While General Counsel of the Treasury Department with principal responsibility for the flow of foreign funds, Paul was the principal sponsor of the first (and to some only) contemporaneous government paper attacking America’s dormant complicity in the Holocaust, provocatively entitled Report to the Secretary on the Acquiescence of This Government in the Murder of the Jews; the Report, which listed in damning detail the U.S. State Department’s obstruction of funds to facilitate the flight of Jews under Nazi dominion, led to the creation of the War Refugee Board. Paul left the government in late 1944, and though he briefly returned as Special Advisor to President Truman, he devoted the rest of his life to practicing, teaching, writing, and influencing tax law. In his practice, he was both a counselor and accomplished tax litigator. His written works included Taxation for Prosperity (1947), The History of Taxation in the United States (1953) and dozens of articles for journals such as The Harvard Law Review, The Yale Law Journal, The Tax Law Review and The Tax Lawyer. He was an adjunct professor at Harvard, Yale and Howard University Law Schools, among others. He was a frequent witness before congressional committees on tax and fiscal policy, arguing for closure of the loopholes he could easily exploit for corporate clients; as one eulogist said, “no man worked harder in public to put himself privately out of business.” On February 6, 1956, at the age of 65, Paul died as he may have wished, suffering a heart attack while testifying on tax policy in the old U.S. Senate Chamber before a Joint Committee of the U.S. Congress. When the news reached the Senate, Vice President Richard Nixon, presiding, called on Senate Majority Leader Lyndon B. Johnson, who led an hour-long tribute to this giant of the 20th century tax bar.
Louis Stix Weiss (1927-50), his friend Eleanor Roosevelt wrote, led a “radiant life” as a social reformer, educator and fighter for civil rights. He was born on February 7, 1894 in New York City, the second son and third child of Samuel and Carrie Stix Weiss. He was graduated from the Horace Mann School, earned his Phi Beta Kappa key at Yale College (1915), and, following the war, obtained his law degree from Columbia Law School (1920), where he served on the Columbia Law Review. After a brief association with Simpson Thacher & Bartlett, in 1923 he formed Weiss & Wharton with his law school classmate John F. Wharton. Four years later, Louis merged his two-person firm into the practice his father Sam had started and his brother William had continued, thereby creating Cohen, Cole, Weiss & Wharton. Weiss and Wharton were together determined to build a firm of substantial character that aggressively disregarded the then-axiomatic circumstance that Jews and Gentiles neither practiced together nor attracted clients of their respective creeds, an endeavor that ultimately transformed the cultural norms of the New York legal community. Weiss’s law practice was heavily invested in his relationship with Marshall Field III, scion of the Chicago retailing empire, whose complex personal finances Weiss succeeded in protecting. From these endeavors, Weiss became central to Field Enterprises, the Field Foundation, as well as Field’s collateral interests, which included ownership of the Chicago Sun, for which Weiss devised an antitrust assault on the A.P.’s then-exclusionary policies, which the Supreme Court ultimately outlawed in Associated Press v. United States, 326 U.S. 1 (1945).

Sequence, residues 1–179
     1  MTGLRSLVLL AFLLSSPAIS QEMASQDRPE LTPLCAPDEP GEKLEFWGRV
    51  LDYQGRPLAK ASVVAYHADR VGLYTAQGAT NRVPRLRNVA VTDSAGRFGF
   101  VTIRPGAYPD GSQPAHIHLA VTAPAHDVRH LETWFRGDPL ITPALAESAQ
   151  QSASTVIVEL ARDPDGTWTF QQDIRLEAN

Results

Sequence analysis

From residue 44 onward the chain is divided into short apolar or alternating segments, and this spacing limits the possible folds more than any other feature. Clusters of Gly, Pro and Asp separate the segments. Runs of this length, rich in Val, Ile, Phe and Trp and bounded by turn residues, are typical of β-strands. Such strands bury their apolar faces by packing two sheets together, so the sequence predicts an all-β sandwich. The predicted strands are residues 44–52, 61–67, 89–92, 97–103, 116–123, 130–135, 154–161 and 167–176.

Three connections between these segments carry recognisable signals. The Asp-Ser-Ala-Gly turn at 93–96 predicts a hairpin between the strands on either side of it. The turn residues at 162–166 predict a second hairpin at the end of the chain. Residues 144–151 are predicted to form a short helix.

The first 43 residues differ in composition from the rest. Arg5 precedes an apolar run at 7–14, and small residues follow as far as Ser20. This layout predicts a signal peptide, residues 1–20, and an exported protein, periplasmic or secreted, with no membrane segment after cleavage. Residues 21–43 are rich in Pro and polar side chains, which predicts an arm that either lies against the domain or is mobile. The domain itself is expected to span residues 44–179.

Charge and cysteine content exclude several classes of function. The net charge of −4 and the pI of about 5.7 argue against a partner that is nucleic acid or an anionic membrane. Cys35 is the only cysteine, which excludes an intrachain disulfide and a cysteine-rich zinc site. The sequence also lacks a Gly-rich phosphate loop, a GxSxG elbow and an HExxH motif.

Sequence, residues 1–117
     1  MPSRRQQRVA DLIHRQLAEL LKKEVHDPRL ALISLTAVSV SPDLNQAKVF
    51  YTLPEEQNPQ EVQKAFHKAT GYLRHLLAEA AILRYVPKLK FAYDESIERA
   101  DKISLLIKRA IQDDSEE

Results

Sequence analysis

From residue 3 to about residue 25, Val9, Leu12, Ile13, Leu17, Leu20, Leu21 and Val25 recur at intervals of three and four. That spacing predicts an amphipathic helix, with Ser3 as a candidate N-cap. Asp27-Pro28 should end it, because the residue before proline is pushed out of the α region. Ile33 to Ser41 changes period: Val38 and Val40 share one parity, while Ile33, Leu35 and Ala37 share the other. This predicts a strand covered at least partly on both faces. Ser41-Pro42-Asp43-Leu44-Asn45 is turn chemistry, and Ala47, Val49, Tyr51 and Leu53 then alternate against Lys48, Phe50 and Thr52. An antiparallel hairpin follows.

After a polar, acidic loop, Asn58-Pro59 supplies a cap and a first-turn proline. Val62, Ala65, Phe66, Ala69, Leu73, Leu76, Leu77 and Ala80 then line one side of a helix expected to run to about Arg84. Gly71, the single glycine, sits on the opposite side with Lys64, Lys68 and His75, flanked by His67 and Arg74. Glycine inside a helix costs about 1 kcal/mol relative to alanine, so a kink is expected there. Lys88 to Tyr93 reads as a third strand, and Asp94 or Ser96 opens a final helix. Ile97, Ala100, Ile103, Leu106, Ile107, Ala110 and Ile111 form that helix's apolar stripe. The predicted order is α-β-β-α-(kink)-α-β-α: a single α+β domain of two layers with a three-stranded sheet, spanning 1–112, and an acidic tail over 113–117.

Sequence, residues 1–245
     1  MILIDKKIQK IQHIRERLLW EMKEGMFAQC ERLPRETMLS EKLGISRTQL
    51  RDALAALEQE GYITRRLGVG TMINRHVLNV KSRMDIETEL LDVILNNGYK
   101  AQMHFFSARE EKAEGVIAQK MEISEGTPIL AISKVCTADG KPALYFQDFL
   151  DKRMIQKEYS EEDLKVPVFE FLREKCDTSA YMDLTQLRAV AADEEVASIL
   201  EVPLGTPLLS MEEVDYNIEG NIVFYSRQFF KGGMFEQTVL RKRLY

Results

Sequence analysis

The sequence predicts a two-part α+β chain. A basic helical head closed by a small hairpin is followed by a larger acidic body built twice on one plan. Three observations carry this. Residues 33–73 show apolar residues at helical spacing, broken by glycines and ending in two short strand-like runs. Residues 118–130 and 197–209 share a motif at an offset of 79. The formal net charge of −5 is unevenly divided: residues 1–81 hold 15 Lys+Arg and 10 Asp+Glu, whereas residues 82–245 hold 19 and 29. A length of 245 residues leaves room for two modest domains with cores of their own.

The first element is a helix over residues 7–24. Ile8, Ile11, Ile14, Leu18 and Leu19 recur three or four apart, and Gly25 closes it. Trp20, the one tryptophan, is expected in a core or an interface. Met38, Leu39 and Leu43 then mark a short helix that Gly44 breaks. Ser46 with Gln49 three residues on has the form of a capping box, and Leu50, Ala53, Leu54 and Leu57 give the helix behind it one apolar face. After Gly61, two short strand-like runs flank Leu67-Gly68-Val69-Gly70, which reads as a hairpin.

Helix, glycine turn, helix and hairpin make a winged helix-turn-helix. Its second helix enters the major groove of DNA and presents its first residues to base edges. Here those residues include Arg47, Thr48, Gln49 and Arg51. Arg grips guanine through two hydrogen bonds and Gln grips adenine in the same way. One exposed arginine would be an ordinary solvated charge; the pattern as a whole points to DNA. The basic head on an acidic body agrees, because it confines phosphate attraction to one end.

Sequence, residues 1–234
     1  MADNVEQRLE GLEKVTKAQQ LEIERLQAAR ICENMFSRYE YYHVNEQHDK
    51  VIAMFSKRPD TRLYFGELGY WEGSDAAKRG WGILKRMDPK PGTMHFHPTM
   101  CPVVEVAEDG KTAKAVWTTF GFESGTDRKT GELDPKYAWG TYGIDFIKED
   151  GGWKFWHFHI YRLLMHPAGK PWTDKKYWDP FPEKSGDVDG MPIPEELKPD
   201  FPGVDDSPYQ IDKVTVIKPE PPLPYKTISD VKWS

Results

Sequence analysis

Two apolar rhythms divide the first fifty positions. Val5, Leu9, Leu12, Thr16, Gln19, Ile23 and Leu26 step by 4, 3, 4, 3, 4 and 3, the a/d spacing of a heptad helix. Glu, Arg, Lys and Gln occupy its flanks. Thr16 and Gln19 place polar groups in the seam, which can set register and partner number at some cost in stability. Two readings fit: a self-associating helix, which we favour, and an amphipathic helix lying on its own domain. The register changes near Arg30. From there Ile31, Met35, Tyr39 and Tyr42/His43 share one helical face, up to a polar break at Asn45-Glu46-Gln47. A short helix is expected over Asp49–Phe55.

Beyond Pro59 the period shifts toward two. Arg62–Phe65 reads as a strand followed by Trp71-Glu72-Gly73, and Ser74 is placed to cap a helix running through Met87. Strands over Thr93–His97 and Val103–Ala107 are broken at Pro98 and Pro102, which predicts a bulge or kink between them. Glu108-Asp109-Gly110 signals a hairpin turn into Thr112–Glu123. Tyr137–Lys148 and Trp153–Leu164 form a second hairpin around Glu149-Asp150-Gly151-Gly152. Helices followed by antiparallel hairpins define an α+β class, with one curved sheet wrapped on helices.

Deeply engaged in mental health care issues, Weiss was general counsel of both the American Psychoanalytic Association and the New York Psychoanalytic Institute. A director of the American Council on Race Relations, Weiss also served for years on NAACP’s National Legal Committee, succeeding Thurgood Marshall’s mentor, Howard Law School Dean Charles H. Houston, as its chair. With Eleanor Roosevelt, he was a founding director and vice president of the U.S. Committee for the Care of European Children during World War II, to relocate refugees from that troubled continent. He was a founding trustee of the National Opinion Research Center, still one of the largest and most respected social research centers in the country. He was a longtime trustee and chairman of the board of the New School of Social Research. He was the firm’s prime visionary, persuading his partners to hoard profits as capital for use in attracting talent to build a full-service firm to compete with New York’s finest, and then personally recruiting Paul, Rifkind, and Garrison to join his growing firm. He also convinced them to leave the environs of Wall Street, then headquarters of every significant firm in the city, to open offices in midtown Manhattan, today home to most large law firms. Weiss never made the move from 61 Broadway to 575 Madison Avenue: On November 13, 1950, at age 56, Louis Weiss died suddenly in his New York City home of a heart attack. In the Chicago Defender, then the Nation’s largest and most influential black weekly, longtime NAACP Executive Secretary Walter White called Weiss “one of a select group to whom whatever freedom Negro Americans and other minorities have won during recent years was due.”